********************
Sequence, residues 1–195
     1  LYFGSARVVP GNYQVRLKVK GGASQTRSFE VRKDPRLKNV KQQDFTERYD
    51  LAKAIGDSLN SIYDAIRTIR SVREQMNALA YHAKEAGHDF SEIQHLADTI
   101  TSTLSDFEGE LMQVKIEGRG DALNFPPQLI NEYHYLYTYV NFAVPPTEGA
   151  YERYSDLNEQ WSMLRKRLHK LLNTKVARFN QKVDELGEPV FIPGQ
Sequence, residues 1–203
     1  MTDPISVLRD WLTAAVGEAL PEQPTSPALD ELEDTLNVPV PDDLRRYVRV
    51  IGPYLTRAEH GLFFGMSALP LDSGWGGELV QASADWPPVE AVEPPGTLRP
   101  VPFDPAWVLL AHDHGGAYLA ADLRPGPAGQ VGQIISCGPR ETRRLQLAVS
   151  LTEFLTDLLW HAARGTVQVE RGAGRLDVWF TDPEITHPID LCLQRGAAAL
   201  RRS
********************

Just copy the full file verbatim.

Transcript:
Sequence, residues 1–195
     1  LYFGSARVVP GNYQVRLKVK GGASQTRSFE VRKDPRLKNV KQQDFTERYD
    51  LAKAIGDSLN SIYDAIRTIR SVREQMNALA YHAKEAGHDF SEIQHLADTI
   101  TSTLSDFEGE LMQVKIEGRG DALNFPPQLI NEYHYLYTYV NFAVPPTEGA
   151  YERYSDLNEQ WSMLRKRLHK LLNTKVARFN QKVDELGEPV FIPGQ
Sequence, residues 1–203
     1  MTDPISVLRD WLTAAVGEAL PEQPTSPALD ELEDTLNVPV PDDLRRYVRV
    51  IGPYLTRAEH GLFFGMSALP LDSGWGGELV QASADWPPVE AVEPPGTLRP
   101  VPFDPAWVLL AHDHGGAYLA ADLRPGPAGQ VGQIISCGPR ETRRLQLAVS
   151  LTEFLTDLLW HAARGTVQVE RGAGRLDVWF TDPEITHPID LCLQRGAAAL
   201  RRS